ABSTRACT: Lung cancer comprises a large variety of histological subtypes with a frequent proclivity to form bone metastasis; a condition associated with dismal prognosis. To identify common mechanisms in the development of osteolytic metastasis, we systematically screened a battery of lung cancer cell lines and developed three models of non-small cell lung cancer (NSCLC) with a common proclivity to form osseous lesions, which represented different histological subtypes. Comparative analysis revealed different incidences and latency times. These differences were correlated with cell-type-specific secretion of osteoclastogenic factors, including macrophage inflammatory protein-1α, interleukin-8 and parathyroid hormone-related protein, some of which were exacerbated in conditions that mimicked tumor-stroma interactions. In addition, a distinct signature of matrix metalloproteinase (MMP) activity derived from reciprocal tumor-stroma interactions was detected for each tumor cell line. Thus, these results suggest subtle differences in the mechanisms of bone colonization for each lung cancer subtype, but share, although each to a different degree, dual MMP and osteoclastogenic activities that are differentially enhanced upon tumor-stromal interactions.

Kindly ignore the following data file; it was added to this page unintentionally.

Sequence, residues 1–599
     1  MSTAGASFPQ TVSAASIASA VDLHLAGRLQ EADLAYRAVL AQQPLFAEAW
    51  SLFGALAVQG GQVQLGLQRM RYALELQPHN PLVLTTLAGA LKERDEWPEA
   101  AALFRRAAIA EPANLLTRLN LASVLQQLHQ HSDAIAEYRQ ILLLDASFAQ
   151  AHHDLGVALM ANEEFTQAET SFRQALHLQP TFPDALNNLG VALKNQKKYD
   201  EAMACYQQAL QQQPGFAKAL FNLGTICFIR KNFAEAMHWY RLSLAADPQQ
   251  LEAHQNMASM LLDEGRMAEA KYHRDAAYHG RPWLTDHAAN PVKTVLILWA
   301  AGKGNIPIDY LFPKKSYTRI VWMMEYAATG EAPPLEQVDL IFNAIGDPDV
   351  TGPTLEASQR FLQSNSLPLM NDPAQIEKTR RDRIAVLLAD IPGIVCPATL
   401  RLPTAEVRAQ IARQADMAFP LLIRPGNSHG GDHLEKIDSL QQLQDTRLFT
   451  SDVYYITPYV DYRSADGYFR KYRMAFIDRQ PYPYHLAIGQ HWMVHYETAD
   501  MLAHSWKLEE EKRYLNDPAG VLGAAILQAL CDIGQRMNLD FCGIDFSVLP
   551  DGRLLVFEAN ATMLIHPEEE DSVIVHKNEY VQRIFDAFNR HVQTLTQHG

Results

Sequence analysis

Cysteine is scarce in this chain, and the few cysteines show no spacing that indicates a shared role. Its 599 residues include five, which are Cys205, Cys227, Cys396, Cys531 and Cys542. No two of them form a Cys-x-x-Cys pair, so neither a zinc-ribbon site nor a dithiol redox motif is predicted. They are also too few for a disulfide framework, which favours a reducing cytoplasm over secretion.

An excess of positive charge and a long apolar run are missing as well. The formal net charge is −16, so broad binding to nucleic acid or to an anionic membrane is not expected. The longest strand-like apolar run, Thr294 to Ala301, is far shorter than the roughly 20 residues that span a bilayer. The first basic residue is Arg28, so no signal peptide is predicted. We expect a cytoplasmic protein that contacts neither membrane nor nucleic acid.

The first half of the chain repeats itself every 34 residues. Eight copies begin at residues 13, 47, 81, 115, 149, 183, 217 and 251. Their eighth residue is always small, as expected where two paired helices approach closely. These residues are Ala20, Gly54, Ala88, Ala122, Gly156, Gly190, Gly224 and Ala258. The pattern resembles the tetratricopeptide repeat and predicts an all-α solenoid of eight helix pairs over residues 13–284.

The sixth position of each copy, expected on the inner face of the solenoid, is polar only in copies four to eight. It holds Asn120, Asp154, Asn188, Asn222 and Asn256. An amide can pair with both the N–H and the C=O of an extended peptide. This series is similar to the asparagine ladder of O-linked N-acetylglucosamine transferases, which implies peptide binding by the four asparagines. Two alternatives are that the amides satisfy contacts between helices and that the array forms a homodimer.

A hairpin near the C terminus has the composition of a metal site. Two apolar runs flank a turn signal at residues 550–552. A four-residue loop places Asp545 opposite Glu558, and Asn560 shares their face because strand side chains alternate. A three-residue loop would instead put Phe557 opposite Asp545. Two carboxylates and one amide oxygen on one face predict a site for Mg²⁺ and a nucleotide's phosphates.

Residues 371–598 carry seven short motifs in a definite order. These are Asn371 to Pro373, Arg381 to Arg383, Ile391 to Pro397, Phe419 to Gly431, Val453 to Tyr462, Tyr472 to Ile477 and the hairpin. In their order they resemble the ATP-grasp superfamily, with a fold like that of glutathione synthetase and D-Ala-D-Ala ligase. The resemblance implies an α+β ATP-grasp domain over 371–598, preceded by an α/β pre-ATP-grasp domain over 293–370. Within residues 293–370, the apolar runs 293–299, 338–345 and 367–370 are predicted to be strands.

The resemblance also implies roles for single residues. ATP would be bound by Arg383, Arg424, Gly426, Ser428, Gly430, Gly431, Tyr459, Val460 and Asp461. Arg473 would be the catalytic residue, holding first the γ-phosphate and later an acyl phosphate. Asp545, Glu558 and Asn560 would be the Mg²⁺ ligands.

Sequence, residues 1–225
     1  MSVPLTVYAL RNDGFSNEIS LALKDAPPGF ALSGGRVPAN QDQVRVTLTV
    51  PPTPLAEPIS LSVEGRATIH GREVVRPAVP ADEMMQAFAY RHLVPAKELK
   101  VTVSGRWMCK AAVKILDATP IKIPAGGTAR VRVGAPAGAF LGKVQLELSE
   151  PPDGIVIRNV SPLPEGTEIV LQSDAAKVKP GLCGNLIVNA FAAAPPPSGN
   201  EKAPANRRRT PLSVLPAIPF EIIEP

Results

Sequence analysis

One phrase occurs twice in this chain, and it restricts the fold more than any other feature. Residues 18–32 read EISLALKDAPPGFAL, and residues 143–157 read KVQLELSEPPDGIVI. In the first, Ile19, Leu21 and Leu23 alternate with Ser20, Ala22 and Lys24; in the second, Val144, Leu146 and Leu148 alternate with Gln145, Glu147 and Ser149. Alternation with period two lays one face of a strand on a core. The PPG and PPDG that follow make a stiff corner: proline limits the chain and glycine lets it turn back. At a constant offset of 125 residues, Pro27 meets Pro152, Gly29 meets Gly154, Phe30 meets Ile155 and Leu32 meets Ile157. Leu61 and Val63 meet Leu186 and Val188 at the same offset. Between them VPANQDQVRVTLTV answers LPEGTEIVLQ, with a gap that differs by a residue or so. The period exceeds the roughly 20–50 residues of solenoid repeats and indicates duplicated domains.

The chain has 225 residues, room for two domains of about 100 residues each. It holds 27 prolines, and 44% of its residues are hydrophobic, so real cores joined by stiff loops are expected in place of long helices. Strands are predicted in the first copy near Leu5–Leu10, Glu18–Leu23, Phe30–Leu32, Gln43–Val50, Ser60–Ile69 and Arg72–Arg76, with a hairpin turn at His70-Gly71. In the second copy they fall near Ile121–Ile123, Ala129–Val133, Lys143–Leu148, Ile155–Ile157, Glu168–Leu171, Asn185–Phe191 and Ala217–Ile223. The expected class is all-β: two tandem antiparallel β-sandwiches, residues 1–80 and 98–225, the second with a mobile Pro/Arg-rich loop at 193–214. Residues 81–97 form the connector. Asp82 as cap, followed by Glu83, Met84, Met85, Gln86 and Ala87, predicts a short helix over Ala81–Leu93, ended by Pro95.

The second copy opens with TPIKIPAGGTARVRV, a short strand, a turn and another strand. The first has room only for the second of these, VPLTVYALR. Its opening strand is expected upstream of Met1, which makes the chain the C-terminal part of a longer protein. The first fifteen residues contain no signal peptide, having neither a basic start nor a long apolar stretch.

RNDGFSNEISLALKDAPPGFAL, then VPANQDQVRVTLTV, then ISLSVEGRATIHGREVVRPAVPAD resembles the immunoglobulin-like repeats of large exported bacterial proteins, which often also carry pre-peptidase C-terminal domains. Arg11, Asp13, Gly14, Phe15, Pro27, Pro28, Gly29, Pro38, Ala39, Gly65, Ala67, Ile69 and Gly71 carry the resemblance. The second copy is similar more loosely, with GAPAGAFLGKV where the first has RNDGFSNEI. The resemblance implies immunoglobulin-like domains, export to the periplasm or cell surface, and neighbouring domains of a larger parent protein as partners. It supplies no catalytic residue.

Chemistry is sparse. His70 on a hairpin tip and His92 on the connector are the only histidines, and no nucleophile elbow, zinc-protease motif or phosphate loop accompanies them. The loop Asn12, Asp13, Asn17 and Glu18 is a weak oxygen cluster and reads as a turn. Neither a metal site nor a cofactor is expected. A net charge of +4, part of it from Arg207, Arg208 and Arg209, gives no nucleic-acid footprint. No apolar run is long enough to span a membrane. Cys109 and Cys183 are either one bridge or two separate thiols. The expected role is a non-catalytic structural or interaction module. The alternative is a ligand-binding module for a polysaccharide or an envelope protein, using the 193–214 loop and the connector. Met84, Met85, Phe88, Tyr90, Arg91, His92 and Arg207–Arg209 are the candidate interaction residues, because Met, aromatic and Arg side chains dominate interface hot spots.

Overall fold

Clinical and Experimental Metastasis 07/2011; 28(8):779-91. · 3.52 Impact Factor